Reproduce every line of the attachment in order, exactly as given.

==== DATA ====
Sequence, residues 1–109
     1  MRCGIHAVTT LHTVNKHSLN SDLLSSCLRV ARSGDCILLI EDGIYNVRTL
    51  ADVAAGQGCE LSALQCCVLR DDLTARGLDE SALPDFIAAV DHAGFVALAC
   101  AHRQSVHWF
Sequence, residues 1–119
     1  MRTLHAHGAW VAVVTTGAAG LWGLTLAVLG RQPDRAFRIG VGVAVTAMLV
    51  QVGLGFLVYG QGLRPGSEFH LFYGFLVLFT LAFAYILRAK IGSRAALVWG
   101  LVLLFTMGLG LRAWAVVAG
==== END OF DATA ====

Sequence, residues 1–109
     1  MRCGIHAVTT LHTVNKHSLN SDLLSSCLRV ARSGDCILLI EDGIYNVRTL
    51  ADVAAGQGCE LSALQCCVLR DDLTARGLDE SALPDFIAAV DHAGFVALAC
   101  AHRQSVHWF
Sequence, residues 1–119
     1  MRTLHAHGAW VAVVTTGAAG LWGLTLAVLG RQPDRAFRIG VGVAVTAMLV
    51  QVGLGFLVYG QGLRPGSEFH LFYGFLVLFT LAFAYILRAK IGSRAALVWG
   101  LVLLFTMGLG LRAWAVVAG